Testing ActiveSync (EAS) using emulation on AVD Manager.

Recently I was reading about ActiveSync and policies for Exchange 2013, and I was wondering how to test it in my lab environment. Just one search away I found that great post:


After installing JDK and AVD Manager I was able to emulate Android device in my lab.

I just would like to highlight some things over here, when going to that website:


DO NOT CLICK on the “Download Android Studio” button:


That will download around 1,1GB on data, and installation would take another 3 GB. Later it will need some additional space for creating emulated android device. So  overall it took  around 4GB of space and was still telling me about too less space 🙂

So the link you would need to click is a bit further:

avd_2Firstly, we need to install Java SDK (but different from the version we would need to install full version of Android Studio), here is the link I used:


Names of downloaded files should be similar to those:

avd_3After successful installation of AVD Manager we need to go with other steps that Paul described (first link in this post). And here is the final effect:


A test message that has been send out using my private Sony Xperia L, and was received by other test user on a emulated Android device!

Isn’t that cool!!! 😀


Now we can test all of the EAS policies not harming our private device.

SingleItemRecovery in Exchange 2013, recovering emails from Purges folder with Search-Mailbox cmdlet.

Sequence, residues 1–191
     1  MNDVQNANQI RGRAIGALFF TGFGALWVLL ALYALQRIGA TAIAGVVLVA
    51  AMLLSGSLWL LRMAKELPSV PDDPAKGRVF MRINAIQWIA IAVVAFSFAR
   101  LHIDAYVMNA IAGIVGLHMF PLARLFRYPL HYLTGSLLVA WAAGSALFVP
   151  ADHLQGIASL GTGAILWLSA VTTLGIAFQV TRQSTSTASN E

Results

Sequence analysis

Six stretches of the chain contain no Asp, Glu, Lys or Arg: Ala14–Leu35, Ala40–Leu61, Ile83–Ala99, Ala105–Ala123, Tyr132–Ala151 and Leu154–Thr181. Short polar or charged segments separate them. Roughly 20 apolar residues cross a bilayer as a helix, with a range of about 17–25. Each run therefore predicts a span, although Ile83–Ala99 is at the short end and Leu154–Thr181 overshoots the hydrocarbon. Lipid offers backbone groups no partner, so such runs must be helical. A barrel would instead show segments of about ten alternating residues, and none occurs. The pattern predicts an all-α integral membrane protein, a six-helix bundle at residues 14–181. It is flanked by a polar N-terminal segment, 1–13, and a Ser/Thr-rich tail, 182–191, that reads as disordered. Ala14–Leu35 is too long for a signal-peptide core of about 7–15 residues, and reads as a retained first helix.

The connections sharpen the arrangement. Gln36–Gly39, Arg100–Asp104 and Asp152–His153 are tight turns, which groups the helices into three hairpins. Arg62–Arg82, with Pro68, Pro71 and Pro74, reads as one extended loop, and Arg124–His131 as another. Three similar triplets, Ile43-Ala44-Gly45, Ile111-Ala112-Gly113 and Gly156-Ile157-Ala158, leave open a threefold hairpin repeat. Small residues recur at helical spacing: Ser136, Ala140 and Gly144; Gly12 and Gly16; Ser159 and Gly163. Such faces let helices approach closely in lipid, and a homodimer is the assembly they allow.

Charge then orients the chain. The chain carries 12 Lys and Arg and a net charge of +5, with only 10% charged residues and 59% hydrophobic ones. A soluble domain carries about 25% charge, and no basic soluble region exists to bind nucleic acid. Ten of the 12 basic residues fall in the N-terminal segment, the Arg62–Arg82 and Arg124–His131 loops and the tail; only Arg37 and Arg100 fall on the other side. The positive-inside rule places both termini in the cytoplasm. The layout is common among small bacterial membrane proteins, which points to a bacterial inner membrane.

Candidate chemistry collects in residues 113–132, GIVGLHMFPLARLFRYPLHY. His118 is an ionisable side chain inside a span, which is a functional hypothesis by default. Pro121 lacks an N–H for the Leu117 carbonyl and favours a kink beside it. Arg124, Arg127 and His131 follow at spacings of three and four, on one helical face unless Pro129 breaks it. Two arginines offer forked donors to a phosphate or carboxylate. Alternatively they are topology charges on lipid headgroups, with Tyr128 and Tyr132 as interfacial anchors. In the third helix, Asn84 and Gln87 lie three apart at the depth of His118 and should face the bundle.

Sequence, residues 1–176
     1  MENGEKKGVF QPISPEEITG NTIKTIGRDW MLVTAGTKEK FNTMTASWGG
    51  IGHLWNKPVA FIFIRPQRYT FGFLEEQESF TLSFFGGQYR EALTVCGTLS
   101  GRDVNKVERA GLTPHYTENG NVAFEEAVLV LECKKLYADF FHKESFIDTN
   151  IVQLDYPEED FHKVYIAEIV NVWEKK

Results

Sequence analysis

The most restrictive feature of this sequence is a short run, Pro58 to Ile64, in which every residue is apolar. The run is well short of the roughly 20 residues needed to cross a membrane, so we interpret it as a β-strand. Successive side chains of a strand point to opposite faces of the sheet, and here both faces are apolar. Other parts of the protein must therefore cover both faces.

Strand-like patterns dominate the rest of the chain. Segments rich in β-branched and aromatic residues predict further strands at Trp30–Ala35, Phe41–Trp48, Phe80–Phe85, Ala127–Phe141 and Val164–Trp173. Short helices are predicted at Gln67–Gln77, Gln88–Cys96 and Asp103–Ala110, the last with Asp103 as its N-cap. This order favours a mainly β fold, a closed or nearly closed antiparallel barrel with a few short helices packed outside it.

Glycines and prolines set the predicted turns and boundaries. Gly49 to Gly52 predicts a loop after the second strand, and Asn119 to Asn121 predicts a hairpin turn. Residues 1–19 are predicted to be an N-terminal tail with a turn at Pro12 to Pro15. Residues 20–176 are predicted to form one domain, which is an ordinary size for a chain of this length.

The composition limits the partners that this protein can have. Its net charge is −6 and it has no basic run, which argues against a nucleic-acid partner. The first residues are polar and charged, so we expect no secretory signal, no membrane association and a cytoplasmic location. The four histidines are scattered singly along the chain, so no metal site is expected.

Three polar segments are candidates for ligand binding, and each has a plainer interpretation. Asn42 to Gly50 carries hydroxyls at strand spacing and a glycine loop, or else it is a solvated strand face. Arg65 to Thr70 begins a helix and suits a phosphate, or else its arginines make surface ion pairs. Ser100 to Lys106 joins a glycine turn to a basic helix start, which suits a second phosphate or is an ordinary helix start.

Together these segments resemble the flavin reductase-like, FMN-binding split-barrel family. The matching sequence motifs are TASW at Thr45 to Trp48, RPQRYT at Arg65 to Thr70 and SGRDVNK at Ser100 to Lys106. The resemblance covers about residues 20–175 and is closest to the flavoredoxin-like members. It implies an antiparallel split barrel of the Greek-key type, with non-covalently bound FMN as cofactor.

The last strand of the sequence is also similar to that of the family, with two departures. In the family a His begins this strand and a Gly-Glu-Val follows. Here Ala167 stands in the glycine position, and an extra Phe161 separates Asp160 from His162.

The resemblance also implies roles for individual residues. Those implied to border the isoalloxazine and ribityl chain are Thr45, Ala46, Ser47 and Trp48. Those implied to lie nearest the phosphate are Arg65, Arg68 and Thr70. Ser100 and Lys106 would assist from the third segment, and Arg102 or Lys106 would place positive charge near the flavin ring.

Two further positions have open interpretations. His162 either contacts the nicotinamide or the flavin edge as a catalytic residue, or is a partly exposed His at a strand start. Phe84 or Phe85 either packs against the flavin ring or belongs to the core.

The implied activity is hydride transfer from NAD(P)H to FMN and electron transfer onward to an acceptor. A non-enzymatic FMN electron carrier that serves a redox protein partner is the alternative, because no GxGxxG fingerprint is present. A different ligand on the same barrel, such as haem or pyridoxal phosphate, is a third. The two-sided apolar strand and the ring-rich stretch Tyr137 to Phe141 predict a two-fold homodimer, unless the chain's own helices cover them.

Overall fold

Sometimes I got a call from a user claiming that some data from his mailbox has been removed by an invisible force.

Usually I am able to find lost folder/files under other sub folder (Well! Would you look at that!)

User then tries to tell he/she didn’t do anything. IT WAS OUTLOOK!

tea_thinkerYup, definitely Outlook…

There are moments when items indeed haven’t been moved but deleted. What options do we have? Here I would like to highlight functionality called “Single Item Recovery”. To enable it we can use:

Set-Mailbox <mailbox_name> -SingleItemRecoveryEnabled $true


What happens when user deletes data from his mailbox? Those go to “Deleted items” on the first place, later, if item has been removed from there as well it goes to “Recover Deleted Items”, that allows user to recover items from Outlook doing those 4 steps:


When user removed the elements from above place, items go to another folder that is not visible for user – called “Purges”.

There is a great article about that work-flow on technet:


Below picture comes from there as well:

single_item_recovery_3On testuser1 I have removed everything from “recover deleted items” but one item – just to let you see how it would be visible. To get number of items that are sits in “Purges” we can use below command:

Get-MailboxFolderStatistics -Identity “<mailbox_name>” -FolderScope RecoverableItems -IncludeAnalysis | ft

single_item_recovery_4So we clearly see here that there is something we can recover, there is also one item in “Deletions” and that folder shows us items in “Recover Deleted Items” option in Outlook.